While the Trump administration has eased off a number of regulations and enforcement actions during the past two years, Fed-OSHA continues focusing on the safety of temporary workers as much as it did under the Obama presidency.
This puts the onus not only on the agencies that provide the temp workers, but also on the companies that contract with them for the workers.
As evidence of its continued focus on temp workers, OSHA recently released guidance on lockout/tagout training requirements for temporary workers. This was the third guidance document released in 2018 and the 10th in recent years that was specific to temp workers.
One reason OSHA is so keen on continuing to police employers that use temporary workers, as well as the staffing agencies that supply them, is that temp workers are often given some of the worst jobs and possibly fall through the safety training cracks.
OSHA launched the Temporary Worker Initiative in 2013. It generally considers the staffing agency and host employer to be joint employers for the sake of providing workers a safe workplace that meets all of OSHA’s requirements, according to a memorandum by the agency’s office in 2014 to its field officers.
That same memo included the agency’s plans to publish more enforcement and compliance guidance, which it has released steadily since then.
Some of the topics of the temp worker guidance OSHA has released since the 2014 memorandum include:
Injury and illness record-keeping requirements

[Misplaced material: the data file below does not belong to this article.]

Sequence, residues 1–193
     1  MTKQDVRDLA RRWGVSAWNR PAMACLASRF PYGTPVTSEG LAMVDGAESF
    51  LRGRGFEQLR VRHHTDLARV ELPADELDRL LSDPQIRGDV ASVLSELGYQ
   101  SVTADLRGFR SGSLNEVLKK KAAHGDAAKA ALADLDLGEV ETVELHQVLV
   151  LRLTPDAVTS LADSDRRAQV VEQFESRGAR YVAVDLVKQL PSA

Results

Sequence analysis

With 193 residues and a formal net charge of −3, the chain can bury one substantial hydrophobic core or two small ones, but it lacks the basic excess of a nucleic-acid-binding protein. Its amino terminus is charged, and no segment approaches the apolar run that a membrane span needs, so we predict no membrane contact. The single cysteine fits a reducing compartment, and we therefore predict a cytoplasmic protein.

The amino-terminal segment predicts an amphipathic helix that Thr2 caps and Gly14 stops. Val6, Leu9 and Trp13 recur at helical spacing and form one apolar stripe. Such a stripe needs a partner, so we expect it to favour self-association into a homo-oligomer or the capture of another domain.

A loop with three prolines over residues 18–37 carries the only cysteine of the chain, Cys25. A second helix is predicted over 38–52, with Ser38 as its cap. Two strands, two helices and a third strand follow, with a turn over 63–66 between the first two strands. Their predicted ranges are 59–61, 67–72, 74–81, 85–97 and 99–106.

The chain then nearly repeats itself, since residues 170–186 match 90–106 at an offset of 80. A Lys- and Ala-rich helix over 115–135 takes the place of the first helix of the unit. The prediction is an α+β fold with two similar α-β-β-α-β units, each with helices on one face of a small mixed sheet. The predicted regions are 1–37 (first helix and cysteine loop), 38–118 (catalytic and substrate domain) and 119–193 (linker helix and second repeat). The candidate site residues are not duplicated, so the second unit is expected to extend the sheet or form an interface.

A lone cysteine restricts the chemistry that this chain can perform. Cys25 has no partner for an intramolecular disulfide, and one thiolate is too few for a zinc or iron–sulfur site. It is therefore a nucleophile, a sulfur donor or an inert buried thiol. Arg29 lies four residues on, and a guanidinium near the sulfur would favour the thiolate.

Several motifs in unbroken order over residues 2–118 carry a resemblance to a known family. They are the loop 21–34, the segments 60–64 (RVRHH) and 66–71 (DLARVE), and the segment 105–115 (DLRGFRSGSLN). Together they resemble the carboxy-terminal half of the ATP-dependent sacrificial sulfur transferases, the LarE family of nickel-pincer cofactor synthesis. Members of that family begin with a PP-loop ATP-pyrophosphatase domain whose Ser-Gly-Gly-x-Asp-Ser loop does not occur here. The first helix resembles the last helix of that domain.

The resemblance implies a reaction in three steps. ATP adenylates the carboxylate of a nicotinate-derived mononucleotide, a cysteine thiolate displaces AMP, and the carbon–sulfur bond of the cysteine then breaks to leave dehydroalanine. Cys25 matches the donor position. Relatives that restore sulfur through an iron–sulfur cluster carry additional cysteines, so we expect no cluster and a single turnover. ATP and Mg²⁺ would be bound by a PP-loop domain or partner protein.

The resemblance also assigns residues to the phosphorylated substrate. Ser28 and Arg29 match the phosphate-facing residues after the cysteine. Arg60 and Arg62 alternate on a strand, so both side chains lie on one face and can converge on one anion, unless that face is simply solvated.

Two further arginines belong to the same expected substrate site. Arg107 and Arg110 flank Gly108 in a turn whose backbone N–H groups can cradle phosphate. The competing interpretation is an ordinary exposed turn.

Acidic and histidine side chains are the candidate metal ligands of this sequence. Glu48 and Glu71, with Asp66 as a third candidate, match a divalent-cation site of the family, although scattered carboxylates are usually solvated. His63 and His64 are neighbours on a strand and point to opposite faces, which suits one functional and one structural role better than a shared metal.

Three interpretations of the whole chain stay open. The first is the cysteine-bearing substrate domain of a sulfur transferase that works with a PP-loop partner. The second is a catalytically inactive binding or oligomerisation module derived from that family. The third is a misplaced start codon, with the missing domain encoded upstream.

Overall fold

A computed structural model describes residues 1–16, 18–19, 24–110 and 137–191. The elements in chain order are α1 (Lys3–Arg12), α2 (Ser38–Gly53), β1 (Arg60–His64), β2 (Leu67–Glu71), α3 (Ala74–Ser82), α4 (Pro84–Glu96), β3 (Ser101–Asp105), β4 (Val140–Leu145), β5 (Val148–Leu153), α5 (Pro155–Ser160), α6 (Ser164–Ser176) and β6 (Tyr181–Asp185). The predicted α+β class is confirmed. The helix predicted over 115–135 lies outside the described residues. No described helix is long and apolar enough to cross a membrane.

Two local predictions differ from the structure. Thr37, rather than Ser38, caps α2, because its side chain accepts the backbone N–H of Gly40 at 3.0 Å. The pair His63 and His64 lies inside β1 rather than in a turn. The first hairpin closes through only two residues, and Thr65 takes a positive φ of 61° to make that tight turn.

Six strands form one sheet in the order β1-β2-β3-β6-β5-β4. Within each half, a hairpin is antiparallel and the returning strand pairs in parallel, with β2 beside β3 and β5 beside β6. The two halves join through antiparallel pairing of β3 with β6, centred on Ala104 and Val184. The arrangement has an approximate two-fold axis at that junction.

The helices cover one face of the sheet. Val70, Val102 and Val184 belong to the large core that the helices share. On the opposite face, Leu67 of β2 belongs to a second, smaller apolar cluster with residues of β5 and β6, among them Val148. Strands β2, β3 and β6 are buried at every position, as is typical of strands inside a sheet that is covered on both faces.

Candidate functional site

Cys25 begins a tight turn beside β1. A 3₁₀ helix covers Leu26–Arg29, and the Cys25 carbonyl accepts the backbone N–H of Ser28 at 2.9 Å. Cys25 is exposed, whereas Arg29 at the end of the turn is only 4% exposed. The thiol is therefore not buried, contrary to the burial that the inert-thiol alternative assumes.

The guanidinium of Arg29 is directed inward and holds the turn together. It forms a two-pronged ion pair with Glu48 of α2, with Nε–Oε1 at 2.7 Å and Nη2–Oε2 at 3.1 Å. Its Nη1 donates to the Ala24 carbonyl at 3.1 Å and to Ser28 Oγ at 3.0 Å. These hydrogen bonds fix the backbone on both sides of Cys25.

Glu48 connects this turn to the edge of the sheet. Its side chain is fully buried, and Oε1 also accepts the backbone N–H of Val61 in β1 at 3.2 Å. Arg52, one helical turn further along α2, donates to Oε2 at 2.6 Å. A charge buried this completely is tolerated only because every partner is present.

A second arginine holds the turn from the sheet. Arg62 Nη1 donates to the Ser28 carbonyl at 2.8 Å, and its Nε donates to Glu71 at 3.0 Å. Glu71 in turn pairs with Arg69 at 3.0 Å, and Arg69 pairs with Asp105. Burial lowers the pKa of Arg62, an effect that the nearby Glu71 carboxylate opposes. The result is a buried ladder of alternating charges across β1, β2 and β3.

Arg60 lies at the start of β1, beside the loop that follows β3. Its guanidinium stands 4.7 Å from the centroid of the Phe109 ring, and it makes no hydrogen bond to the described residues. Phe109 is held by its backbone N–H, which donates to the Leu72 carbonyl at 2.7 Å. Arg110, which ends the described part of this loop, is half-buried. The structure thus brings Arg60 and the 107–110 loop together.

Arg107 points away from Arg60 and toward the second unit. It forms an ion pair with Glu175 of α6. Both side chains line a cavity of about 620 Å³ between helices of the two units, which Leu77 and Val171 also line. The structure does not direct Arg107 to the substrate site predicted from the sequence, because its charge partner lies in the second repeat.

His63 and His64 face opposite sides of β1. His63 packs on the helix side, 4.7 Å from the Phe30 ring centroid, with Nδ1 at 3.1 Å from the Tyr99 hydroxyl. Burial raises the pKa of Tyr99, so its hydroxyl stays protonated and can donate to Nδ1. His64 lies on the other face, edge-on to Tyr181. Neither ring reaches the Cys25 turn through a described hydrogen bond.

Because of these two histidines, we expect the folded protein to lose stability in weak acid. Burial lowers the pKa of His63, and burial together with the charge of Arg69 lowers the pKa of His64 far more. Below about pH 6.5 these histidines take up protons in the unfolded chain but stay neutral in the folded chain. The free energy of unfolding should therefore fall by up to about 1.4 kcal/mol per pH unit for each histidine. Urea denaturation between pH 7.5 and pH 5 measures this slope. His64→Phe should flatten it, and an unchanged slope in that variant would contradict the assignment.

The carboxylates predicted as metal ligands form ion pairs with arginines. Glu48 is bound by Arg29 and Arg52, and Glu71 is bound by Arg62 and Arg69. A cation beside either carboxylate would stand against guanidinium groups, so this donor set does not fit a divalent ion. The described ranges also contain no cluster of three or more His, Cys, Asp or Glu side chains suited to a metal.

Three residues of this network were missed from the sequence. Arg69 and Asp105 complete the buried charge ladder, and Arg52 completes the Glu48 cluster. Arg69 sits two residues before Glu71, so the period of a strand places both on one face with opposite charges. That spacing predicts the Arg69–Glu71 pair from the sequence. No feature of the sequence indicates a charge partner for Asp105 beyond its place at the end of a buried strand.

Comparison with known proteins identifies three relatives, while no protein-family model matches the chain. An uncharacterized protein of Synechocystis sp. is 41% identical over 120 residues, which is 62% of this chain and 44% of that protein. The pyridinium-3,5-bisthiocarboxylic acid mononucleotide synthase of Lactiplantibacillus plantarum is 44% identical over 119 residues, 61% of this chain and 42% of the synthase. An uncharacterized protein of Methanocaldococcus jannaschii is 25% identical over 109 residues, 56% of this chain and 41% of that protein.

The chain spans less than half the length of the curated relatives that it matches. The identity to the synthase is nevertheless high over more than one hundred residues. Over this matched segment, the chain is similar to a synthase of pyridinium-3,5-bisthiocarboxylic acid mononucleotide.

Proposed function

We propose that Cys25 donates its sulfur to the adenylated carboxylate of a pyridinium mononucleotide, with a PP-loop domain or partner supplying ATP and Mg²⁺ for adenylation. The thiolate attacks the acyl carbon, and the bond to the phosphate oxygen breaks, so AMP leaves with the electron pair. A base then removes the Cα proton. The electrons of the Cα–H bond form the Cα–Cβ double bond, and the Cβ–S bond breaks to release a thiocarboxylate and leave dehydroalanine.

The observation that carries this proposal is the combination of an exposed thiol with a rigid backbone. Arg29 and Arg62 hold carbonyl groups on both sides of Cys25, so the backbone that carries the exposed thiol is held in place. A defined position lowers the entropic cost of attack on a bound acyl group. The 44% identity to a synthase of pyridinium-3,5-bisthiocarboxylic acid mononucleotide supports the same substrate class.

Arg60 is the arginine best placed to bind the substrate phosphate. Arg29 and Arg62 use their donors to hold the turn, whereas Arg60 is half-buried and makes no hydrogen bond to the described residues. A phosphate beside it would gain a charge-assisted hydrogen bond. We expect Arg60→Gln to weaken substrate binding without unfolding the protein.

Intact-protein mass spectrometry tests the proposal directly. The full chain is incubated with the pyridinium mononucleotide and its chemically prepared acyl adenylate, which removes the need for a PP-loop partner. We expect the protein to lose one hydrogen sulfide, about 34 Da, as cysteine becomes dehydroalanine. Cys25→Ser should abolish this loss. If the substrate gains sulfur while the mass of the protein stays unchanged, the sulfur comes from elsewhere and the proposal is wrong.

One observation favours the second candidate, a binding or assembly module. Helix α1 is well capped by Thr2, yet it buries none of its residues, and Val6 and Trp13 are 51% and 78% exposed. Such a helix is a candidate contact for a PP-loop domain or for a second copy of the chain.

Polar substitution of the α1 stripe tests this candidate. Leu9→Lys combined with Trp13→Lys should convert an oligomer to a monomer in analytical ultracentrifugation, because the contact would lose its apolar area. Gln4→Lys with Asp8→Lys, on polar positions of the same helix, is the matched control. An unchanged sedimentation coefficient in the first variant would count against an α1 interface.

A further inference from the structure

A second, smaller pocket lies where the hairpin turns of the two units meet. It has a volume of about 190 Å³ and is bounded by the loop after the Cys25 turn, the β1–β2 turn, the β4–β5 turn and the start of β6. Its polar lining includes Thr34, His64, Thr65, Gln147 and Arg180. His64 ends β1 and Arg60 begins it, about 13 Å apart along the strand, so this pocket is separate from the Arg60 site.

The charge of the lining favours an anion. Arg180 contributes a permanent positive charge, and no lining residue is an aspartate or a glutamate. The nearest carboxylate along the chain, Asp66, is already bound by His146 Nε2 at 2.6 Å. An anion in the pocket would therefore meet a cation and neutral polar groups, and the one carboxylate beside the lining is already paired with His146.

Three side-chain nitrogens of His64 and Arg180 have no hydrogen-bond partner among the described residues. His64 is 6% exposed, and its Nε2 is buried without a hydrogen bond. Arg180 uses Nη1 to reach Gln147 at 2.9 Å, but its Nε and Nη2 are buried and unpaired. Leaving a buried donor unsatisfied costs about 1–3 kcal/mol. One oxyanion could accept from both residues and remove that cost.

Noise exposure and hearing conservation
Personal protective equipment
Whistleblower protection rights
Safety and health training
Powered industrial truck training
OSHA started the initiative due to concerns that some employers were using temporary workers as a way to avoid meeting obligations to comply with OSHA regulations and worker protection laws, and because temporary workers are more vulnerable to workplace safety and health hazards and retaliation than workers in traditional employment relationships.
With both the temp agency and the host employer responsible for workplace safety, there has to be a level of trust between the two. Temp agencies should come and do some type of assessment to ensure the employer meets OSHA standards, and the host employer has to provide a safe workplace.
Both host employers and staffing agencies have roles in complying with workplace health and safety requirements, and they share responsibility for ensuring worker safety and health.
A key concept is that each employer should consider the hazards it is in a position to prevent and correct, and in a position to comply with OSHA standards. For example: staffing agencies might provide general safety and health training, and host employers provide specific training tailored to the particular workplace equipment/hazards.
Successful joint employer relationship traits
The key is communication between the temp agency and the host to ensure that the necessary protections are provided.
Staffing agencies have a duty to inquire into the conditions of their workers’ assigned workplaces. They must ensure that they are sending workers to a safe workplace.
Ignorance of hazards is not an excuse.
Staffing agencies need not become experts on specific workplace hazards, but they should determine what conditions exist at the host employer, what hazards may be encountered, and how best to ensure protection for the temporary workers.
The staffing agency has the duty to inquire and verify that the host has fulfilled its responsibilities for a safe workplace.
And, just as important, host employers must treat temporary workers like any other workers in terms of training and safety and health protections.</li>
For a look at all 10 of the guidance documents OSHA has issued in the last few years, visit the agency’s temp worker page: www.osha.gov/temp_workers/